Peter Bowness, Baron Bowness

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The Lord Bowness

Official portrait of Lord Bowness crop 2.jpg
Member of the House of Lords
Lord Temporal
Assumed office
17 January 1996
Life Peerage
Leader of Croydon London Borough Council
In office
Mayor of Croydon
In office
Leader of Croydon London Borough Council
In office
Member of Croydon London Borough Council
In office
Personal details
Peter Spencer Bowness

(1943-05-19) 19 May 1943 (age 77)
Political partyConservative
EducationWhitgift School
Alma materUniversity of Law
AwardsDeputy Lieutenant (1981)
CBE (1981)
Knight Bachelor (1987)
Life peer (1996)

Peter Spencer Bowness, Baron Bowness, CBE, DL (born 19 May 1943) is a British Conservative politician, solicitor, and life peer. Since 1996, he has been a member of the House of Lords.

Early life[edit]

Bowness was born on 19 May 1943.[1] He was educated at Whitgift School, an all-boys independent school in South Croydon, London.[2] He graduated from the University of Law, and began work as a solicitor in 1966.

Legal career[edit]

Bowness is a qualified solicitor and notary public.[3] From 1970 to 2002, he was a partner at Weightman Sadler Solicitors in Purley, London Borough of Croydon. From 2002 to 2011, he was a consultant to Streeter Marshall Solicitors (the successor to the now merged Weightman Sadler Solicitors).[2] Since then, he has not practised as a solicitor or notary public.[3]

Political career[edit]


Bowness became a councillor and soon rose within Conservative Party ranks, becoming Leader of Croydon Council,[4] London's largest borough. During the 1980s, Bowness was said to have been one of Margaret Thatcher's favourite Council leaders, and took part in the abolition of the GLC.[5][6] He was unusual amongst his Conservative colleagues, however, for supporting Ken Livingstone's low-cost public transport initiative, Fares Fair.

He continued as Leader until 1994 when the Labour Party won the local elections. He stepped down from the Council in 1998. He served as a member of the Committee of the Regions and the Audit Commission.

House of Lords[edit]

On 17 January 1996, Bowness was created a life peer as Baron Bowness, of Warlingham in the County of Surrey and of Croydon in the London Borough of Croydon.[7] From December 2002 to November 2006, he was member of the Parliamentary Joint Committee on Human Rights.[3] From December 2003 to May 2014, he served on the European Union Committee.[3] He chaired the Foreign Policy Defence and Developmental Aid Sub-Committee of the EU Select Committee from 2003 to 2006, and chaired the Justice, Institutions and Consumer Protection Sub-Committee from 2009 to 2013.[2]

Personal life[edit]

He is a patron of the Warehouse Theatre and was formerly a Governor of the Whitgift Foundation.


On 14 June 1981, Bowness was appointed a Deputy Lieutenant (DL) to the Lord Lieutenant of Greater London.[8] In the 1981 Queen's Birthday Honours, he was appointed a Commander of the Order of the British Empire (CBE) in recognition of his service as Chairman of the London Boroughs Association.[9] In the 1987 New Year Honours, it was announced that he was to be made a Knight Bachelor "for political and public service".[10] On 11 February 1987, he was knighted by Queen Elizabeth II during a ceremony at Buckingham Palace.[11]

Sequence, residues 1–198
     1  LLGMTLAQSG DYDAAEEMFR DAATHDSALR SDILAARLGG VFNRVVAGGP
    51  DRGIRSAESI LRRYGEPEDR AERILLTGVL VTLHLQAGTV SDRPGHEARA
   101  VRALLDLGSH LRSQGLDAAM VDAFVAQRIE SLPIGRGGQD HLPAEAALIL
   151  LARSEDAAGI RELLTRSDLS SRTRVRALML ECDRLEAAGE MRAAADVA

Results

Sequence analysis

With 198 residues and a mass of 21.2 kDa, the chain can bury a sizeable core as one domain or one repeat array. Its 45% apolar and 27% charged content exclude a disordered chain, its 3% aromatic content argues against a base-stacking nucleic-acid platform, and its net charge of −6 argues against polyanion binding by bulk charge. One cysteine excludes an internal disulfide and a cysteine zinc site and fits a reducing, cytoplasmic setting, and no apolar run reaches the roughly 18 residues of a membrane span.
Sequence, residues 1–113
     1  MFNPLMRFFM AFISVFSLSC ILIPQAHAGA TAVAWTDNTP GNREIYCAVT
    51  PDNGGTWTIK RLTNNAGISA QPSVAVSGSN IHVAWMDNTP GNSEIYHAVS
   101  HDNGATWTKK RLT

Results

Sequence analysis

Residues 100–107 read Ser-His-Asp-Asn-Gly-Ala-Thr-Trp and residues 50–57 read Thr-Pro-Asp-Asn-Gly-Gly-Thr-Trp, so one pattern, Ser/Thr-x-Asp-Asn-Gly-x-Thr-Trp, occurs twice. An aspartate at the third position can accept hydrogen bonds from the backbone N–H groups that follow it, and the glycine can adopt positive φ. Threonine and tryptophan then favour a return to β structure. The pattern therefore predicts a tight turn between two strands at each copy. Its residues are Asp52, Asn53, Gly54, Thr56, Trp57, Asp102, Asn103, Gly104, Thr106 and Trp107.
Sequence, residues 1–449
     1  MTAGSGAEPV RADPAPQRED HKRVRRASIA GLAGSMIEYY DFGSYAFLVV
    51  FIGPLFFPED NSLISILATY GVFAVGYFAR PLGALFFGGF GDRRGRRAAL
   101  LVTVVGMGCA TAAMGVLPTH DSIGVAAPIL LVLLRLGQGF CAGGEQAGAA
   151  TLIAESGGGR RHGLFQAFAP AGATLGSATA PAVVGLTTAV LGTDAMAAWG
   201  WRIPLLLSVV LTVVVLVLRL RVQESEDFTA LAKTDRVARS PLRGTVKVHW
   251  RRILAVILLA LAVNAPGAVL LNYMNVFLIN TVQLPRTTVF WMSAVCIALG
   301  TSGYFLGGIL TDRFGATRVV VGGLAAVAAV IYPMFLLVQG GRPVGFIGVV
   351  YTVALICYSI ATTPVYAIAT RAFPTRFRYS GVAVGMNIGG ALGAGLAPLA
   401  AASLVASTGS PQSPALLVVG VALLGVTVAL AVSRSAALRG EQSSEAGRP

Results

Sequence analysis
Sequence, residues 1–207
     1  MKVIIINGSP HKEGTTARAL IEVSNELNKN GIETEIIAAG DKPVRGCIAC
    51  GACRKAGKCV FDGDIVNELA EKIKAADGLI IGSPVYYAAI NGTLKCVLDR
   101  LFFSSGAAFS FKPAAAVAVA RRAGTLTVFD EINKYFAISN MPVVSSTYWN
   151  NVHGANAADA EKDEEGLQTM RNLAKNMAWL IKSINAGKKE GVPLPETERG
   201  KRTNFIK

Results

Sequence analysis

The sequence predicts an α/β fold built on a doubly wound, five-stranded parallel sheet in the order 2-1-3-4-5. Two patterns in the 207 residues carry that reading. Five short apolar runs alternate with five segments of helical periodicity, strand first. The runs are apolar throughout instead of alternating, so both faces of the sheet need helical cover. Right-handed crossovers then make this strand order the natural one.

In 1987, Bowness was made Freeman of the City of London. In 2002, he was made an Honorary Freeman of the London Borough of Croydon.[2]

On 1 May 1988, Bowness was appointed Honorary Colonel of the 151 (Greater London) Transport Regiment, Royal Corps of Transport (Volunteers), Territorial Army.[12] On 5 April 1993, he stood down from the appointment and was granted permission to retain his honorary rank.[13]


Coat of arms of Peter Bowness, Baron Bowness
A Coronet of a Baron
A Demi Bull Argent armed and unguled and holding in the mouth a Sword point downward in Bend Or
Argent four Pallets Sable over all within a Cross Flory nowy round pierced and parted a Roundel Or
On the dexter a Dachshund reguardant Sable holding in the mouth a Daffodil slipped and leaved Or and on the sinister a Dachshund reguardant Tenné holding in the mouth a Daffodil slipped and leaved Or
N'Esperdire Ja Mes


  1. ^ "Lord Bowness". Democracy Live. BBC News. Retrieved 7 November 2015.
  2. ^ a b c d "Peter Spencer Bowness BOWNESS". People of Today. Debrett's. Archived from the original on 3 June 2016. Retrieved 7 November 2015.
  3. ^ a b c d "Lord Bowness". Retrieved 7 November 2015.
  4. ^
  5. ^ "Museum of Croydon - Lord Bowness 1980s".
  6. ^ Pimlott, Ben; Rao, Nirmala (2 May 2002). Governing London. ISBN 9780191583650.
  7. ^ "No. 54297". The London Gazette. 24 January 1996. p. 1105.
  8. ^ "No. 48679". The London Gazette. 15 July 1981. p. 9351.
  9. ^ "No. 48639". The London Gazette (Supplement). 12 June 1981. p. 8.
  10. ^ "No. 50764". The London Gazette (Supplement). 30 December 1986. p. 1.
  11. ^ "No. 50873". The London Gazette (Supplement). 27 March 1987. p. 4181.
  12. ^ "No. 51650". The London Gazette (Supplement). 20 February 1989. p. 2177.
  13. ^ "No. 53286". The London Gazette (Supplement). 26 April 1993. p. 7380.
Orders of precedence in the United Kingdom
Preceded by
The Lord Harris of Peckham
Baron Bowness
Followed by
The Lord Taverne